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SmarterChild was a chatbot available on AOL Instant Messenger and Windows Live Messenger (previously MSN Messenger) networks.[citation needed]

A user chatting with SmarterChild


SmarterChild was an intelligent agent or "bot" developed by ActiveBuddy, Inc., with offices in New York and Sunnyvale.[citation needed] It was widely distributed across global instant messaging networks.[citation needed] SmarterChild became very popular, attracting over 30 million Instant Messenger "buddies" on AIM (AOL) and MSN and Yahoo Messenger over the course of its lifetime.[citation needed]

Founded in 2000, ActiveBuddy was the brainchild of Robert Hoffer and Timothy Kay, who later brought seasoned advertising executive Peter Levitan on board as CEO. The concept for conversational instant messaging bots came from the founder's vision to add natural language comprehension functionality to the increasingly popular AIM instant messaging application.[citation needed] The original implementation took shape as a demo that Kay programmed in Perl in his Los Altos garage to connect a single buddy name, "ActiveBuddy", to look up stock symbols, and later allow AIM users to play Colossal Cave Adventure, a famous word-based adventure game, and MIT's Boris Katz Start Question Answering System[1] but quickly grew to include a wide range of database applications the company called 'knowledge domains' including instant access to news, weather, stock information, movie times, yellow pages listings, and detailed sports data, as well as a variety of tools (personal assistant, calculators, translator, etc.).[citation needed] None of the individual domains which the company had named “stocksBuddy”, “sportsBuddy”, etc. ever launched publicly. When Stephen Klein came on board as COO—and eventually CEO—-he insisted that all of the disparate test “buddies” be launched together with the company’s highly-developed colloquial chat domain. He suggested using “SmarterChild”, a username coined by Tim Kay which Tim was using to test various things. The bundled domains were launched publicly as SmarterChild (on AIM initially) in June 2001.[citation needed] SmarterChild provided information wrapped in fun and quirky conversation. The company generated no revenue from SmarterChild, but used it as a demonstration of the power of what Klein called “conversational computing”. The company subsequently marketed Automated Service Agents—delivering immediate answers to customer service inquiries—-to large corporations, like Comcast, Cingular, TimeWarner Cable, etc.[2]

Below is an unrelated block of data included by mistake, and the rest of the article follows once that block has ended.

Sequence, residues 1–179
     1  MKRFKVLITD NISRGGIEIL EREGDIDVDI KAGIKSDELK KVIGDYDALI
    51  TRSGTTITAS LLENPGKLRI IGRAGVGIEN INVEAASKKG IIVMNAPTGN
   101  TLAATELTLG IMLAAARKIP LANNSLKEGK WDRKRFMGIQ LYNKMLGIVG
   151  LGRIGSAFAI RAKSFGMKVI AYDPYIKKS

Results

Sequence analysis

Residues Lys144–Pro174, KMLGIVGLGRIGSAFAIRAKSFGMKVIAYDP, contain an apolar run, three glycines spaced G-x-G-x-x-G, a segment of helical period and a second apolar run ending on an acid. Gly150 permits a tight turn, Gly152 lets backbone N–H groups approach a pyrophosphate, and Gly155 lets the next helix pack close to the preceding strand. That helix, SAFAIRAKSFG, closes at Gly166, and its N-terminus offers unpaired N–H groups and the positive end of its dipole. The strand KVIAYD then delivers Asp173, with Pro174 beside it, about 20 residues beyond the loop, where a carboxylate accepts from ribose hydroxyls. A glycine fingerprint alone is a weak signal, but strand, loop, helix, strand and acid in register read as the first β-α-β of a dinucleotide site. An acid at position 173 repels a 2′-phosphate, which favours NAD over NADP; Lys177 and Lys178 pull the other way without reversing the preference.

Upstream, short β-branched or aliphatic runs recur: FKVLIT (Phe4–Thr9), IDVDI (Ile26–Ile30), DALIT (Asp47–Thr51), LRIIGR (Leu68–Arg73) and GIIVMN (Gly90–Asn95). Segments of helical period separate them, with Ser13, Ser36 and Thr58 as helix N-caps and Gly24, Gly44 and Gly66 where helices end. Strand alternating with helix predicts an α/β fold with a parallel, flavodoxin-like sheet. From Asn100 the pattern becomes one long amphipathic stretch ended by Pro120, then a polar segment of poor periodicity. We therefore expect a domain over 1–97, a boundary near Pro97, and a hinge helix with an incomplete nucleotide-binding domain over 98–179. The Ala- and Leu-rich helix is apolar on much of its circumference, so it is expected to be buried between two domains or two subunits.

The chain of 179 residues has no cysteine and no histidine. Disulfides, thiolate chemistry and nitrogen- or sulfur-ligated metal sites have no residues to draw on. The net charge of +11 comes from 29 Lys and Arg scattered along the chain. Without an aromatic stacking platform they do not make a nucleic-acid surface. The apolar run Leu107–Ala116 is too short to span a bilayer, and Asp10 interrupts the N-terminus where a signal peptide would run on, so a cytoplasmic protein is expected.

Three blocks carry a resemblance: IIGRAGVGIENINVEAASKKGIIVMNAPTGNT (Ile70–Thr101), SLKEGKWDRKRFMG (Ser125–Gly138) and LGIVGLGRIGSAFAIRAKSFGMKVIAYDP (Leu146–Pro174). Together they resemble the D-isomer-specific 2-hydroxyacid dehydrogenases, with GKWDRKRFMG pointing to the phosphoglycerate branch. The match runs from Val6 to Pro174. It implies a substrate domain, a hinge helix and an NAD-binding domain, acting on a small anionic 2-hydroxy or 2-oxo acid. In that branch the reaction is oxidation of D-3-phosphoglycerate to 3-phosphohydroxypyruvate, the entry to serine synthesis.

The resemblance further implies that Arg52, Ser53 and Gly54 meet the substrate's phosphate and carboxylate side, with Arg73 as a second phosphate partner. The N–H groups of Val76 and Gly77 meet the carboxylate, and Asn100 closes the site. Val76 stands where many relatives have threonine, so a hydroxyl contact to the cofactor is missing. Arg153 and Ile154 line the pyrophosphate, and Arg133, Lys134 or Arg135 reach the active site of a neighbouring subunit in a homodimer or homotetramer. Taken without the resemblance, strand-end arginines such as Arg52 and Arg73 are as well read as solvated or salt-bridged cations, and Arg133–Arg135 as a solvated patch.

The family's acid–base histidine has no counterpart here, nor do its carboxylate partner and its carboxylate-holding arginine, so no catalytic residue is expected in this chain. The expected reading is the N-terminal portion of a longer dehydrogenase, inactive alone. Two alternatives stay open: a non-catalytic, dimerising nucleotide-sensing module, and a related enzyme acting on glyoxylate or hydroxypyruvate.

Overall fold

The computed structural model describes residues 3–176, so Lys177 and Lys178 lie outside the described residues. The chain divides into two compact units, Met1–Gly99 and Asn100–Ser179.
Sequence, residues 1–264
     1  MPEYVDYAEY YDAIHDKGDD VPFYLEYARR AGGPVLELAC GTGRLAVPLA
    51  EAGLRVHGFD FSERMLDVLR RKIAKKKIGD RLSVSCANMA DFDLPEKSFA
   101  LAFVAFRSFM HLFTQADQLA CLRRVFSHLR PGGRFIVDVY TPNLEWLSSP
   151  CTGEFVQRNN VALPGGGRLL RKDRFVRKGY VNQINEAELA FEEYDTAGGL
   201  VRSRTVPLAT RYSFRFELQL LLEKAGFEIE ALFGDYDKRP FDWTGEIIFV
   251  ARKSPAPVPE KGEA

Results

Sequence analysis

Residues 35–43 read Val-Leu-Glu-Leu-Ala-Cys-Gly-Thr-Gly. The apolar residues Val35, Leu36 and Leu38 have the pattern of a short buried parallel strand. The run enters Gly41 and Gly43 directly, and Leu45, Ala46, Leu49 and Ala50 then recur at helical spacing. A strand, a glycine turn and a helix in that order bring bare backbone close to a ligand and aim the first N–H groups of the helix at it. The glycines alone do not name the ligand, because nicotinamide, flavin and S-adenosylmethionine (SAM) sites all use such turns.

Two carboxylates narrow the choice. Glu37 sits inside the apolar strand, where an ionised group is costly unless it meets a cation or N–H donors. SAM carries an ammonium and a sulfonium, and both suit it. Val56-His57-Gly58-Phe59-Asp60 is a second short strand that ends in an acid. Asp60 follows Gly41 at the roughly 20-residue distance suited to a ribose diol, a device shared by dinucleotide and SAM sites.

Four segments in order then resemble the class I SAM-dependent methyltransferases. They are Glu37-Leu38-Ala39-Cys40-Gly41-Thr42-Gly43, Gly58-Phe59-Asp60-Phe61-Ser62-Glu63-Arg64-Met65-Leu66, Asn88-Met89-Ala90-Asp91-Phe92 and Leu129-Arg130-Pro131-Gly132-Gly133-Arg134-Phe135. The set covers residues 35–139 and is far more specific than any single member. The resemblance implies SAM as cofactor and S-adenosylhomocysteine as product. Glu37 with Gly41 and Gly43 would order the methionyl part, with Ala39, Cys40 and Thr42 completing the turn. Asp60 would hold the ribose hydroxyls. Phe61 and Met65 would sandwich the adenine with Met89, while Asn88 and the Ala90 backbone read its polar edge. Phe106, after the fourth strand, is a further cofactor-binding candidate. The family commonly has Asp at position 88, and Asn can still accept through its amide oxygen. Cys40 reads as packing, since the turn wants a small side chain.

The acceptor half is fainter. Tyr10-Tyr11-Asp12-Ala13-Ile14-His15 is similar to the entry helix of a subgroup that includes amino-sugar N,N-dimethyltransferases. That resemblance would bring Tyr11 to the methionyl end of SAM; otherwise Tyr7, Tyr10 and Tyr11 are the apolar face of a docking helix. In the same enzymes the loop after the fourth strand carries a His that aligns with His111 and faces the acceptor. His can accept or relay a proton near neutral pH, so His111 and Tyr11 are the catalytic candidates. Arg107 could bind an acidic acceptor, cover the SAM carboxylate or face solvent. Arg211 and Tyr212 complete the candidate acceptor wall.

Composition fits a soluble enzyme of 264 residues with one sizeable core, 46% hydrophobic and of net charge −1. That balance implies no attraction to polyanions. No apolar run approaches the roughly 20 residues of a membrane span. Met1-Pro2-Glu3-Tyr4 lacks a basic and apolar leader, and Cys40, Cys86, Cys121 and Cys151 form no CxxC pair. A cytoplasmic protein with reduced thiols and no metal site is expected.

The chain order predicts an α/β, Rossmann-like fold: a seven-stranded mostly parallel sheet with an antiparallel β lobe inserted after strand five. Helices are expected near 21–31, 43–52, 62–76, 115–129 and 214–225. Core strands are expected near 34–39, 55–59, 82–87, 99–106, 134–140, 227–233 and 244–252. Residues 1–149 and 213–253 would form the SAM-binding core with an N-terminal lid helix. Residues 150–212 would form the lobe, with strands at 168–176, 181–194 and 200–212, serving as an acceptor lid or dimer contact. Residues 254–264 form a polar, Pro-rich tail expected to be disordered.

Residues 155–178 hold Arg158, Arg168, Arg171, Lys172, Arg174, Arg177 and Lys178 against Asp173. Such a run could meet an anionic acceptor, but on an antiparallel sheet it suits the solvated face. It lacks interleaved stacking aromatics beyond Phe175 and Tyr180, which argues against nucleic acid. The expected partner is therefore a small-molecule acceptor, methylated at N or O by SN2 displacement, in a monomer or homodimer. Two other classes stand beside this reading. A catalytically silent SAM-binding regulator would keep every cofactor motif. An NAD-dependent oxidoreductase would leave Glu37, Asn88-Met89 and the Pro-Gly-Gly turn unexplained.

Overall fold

SmarterChild's popularity spawned targeted marketing-oriented bots for Radiohead, Austin Powers, Intel, Keebler, The Sporting News and others.[citation needed] ActiveBuddy co-founders, Kay and Hoffer, as co-inventors, were issued 2 controversial U.S. patents in 2002.[3][4]

ActiveBuddy changed its name to Colloquis (briefly Conversagent) and targeted development of consumer-facing enterprise customer service agents, which the company marketed as Automated Service Agents(tm). Microsoft acquired Colloquis in October 2006[5] and proceeded to de-commission SmarterChild and kill off the Automated Service Agent business as well.

In many ways,[further explanation needed] SmarterChild was a precursor to Apple's Siri and Samsung's S Voice. As Shawn Carolan of Menlo Ventures, a Siri investor, said, "…When I first encountered Siri, SmarterChild already had ten million users and was getting a billion messages a day… The market was speaking."[6]

Robert Hoffer, ActiveBuddy co-founder, licensed the technology from Microsoft after Microsoft abandoned the Colloquis technology.


  1. ^ "The START Natural Language Question Answering System".
  2. ^ "Automatic for the People: Comcast Goes Live With Online Customer Support". Retrieved February 10, 2023.
  3. ^ "Error".
  4. ^ "ActiveBuddy's Patent Win Riles IM Bot Developers". Archived from the original on January 18, 2003.
  5. ^ "Microsoft Acquires Colloquis to Enhance User Interactions Online - Stories". October 12, 2006.
  6. ^ Perlroth, Nicole (October 21, 2011). "Siri Was Born A Man And Other Things You Don't Know About Apple's New Personal Assistant". Forbes Magazine. Retrieved July 2, 2014.

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